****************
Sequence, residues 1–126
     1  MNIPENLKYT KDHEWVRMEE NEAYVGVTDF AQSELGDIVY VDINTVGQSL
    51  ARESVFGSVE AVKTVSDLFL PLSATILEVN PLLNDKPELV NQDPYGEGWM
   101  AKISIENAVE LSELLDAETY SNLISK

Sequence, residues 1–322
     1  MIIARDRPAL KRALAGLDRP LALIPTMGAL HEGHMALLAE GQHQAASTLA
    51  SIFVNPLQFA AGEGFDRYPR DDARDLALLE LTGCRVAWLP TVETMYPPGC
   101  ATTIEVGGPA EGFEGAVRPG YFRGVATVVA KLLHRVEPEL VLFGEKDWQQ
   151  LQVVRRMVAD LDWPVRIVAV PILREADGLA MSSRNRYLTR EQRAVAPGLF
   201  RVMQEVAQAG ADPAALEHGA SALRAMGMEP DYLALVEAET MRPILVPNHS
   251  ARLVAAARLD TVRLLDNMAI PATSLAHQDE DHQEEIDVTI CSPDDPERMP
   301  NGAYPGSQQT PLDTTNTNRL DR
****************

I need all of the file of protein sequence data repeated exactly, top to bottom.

Sequence, residues 1–126
     1  MNIPENLKYT KDHEWVRMEE NEAYVGVTDF AQSELGDIVY VDINTVGQSL
    51  ARESVFGSVE AVKTVSDLFL PLSATILEVN PLLNDKPELV NQDPYGEGWM
   101  AKISIENAVE LSELLDAETY SNLISK

Sequence, residues 1–322
     1  MIIARDRPAL KRALAGLDRP LALIPTMGAL HEGHMALLAE GQHQAASTLA
    51  SIFVNPLQFA AGEGFDRYPR DDARDLALLE LTGCRVAWLP TVETMYPPGC
   101  ATTIEVGGPA EGFEGAVRPG YFRGVATVVA KLLHRVEPEL VLFGEKDWQQ
   151  LQVVRRMVAD LDWPVRIVAV PILREADGLA MSSRNRYLTR EQRAVAPGLF
   201  RVMQEVAQAG ADPAALEHGA SALRAMGMEP DYLALVEAET MRPILVPNHS
   251  ARLVAAARLD TVRLLDNMAI PATSLAHQDE DHQEEIDVTI CSPDDPERMP
   301  NGAYPGSQQT PLDTTNTNRL DR